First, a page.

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Hotel Path

post #1 of 9
Thread Starter 
Hello ,
I am 20 and started off in the industry when I was 17. I started working at a Crowne Plaza Hotel as a pantry cook then moved up and around and ended up as a line cook for the one restaurant they had,and also did some banquets. I recently got a job at a Hilton Hotel as a line cook for 2 of there 4 restaurants I really like the hotel atmosphere. I also am finishing up my internship for school at one of the top 10 fine dining restaurants in my state. My question is do you think the best choice would be to stick to hotels or restaurants. MY goal in life is to learn everything I can possibly learn about food. I'm not in for the money I just like food. Also I will have my Associates Degree in culinary Management in December. Do you think I should go for a higher degree or is my experience more important. My ultimate goal is to be an executive chef which I obvious know comes with allot of hard work,but do most places look for management to have a bachelors degree? Do you think over all it is better to work for hotels or restraints? (Work/benefit wise)
post #2 of 9
From what i know, there aren't that many good hotel restaurants out there, there are decent ones, but no good ones. Speaking from my experience in both(currently at a hotel) a restaurant usually has more ambition, i feel the hotel is controlled alot more by the CEO and other managers who never step a foot in the kitchen and only pursue there own goals for a bonus. In a restaurant everyone is there for the restaurant, and food is the main focus, i think you could learn more in a restaurant, but you have a long career ahead abd i believe that deciding now is INSANE, you'll probably change jobs 20 times at least and this is how you learn new cuisine, methods and meet new people who will teach you so much.. That's my rant, hope it helps
post #3 of 9
Quote:
Originally Posted by Chef-Josh View Post

From what i know, there aren't that many good hotel restaurants out there, there are decent ones, but no good ones. Speaking from my experience in both(currently at a hotel) a restaurant usually has more ambition, i feel the hotel is controlled alot more by the CEO and other managers who never step a foot in the kitchen and only pursue there own goals for a bonus. In a restaurant everyone is there for the restaurant, and food is the main focus, i think you could learn more in a restaurant, but you have a long career ahead abd i believe that deciding now is INSANE, you'll probably change jobs 20 times at least and this is how you learn new cuisine, methods and meet new people who will teach you so much.. That's my rant, hope it helps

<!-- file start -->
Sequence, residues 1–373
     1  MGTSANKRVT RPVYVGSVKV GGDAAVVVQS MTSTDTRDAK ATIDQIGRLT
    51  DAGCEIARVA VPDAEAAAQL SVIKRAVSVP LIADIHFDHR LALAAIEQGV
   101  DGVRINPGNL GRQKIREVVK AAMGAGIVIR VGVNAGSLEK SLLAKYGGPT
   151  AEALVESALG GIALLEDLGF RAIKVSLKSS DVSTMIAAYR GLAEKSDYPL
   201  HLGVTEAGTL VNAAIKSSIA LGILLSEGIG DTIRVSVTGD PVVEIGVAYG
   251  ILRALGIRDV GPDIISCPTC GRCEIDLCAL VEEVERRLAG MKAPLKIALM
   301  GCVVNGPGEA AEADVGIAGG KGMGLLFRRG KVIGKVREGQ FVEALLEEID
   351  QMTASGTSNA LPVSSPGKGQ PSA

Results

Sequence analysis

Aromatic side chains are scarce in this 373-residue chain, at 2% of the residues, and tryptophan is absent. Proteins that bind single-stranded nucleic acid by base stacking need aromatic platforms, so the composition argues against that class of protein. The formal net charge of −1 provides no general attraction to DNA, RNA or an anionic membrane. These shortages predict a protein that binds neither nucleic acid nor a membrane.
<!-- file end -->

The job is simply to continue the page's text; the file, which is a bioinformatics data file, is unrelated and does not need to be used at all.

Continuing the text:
Sounds like you haven't spent much time in hotel restaurants my friend.

Think about it........a restaurant cooks and serves food, irrespective of where it is....right?

So....a restaurant happens to be in a hotel, so what.

The restaurant isn't the hotel, it's a restaurant, with its' own reputation, its' crew and Chef not part of that which makes up the hotel.

It's the Chef and the crew and the food that make the restaurant, not the hotel name.

 

To the OP hotels allow for a variety of experiences, from line cooks, to banquets, to pastry and beyond. A restaurant has a staid menu that is repeated over and over again. Hotels offer a bit more creativity, especially if they have a creative sales department. Even Marriott, Hyatt, and Hiltons have their trained culinarians working back in the kitchen

post #4 of 9
Thread Starter 
Quote:
Originally Posted by Chefross View Post

Sounds like you haven't spent much time in hotel restaurants my friend.

Think about it........a restaurant cooks and serves food, irrespective of where it is....right?

So....a restaurant happens to be in a hotel, so what.

The restaurant isn't the hotel, it's a restaurant, with its' own reputation, its' crew and Chef not part of that which makes up the hotel.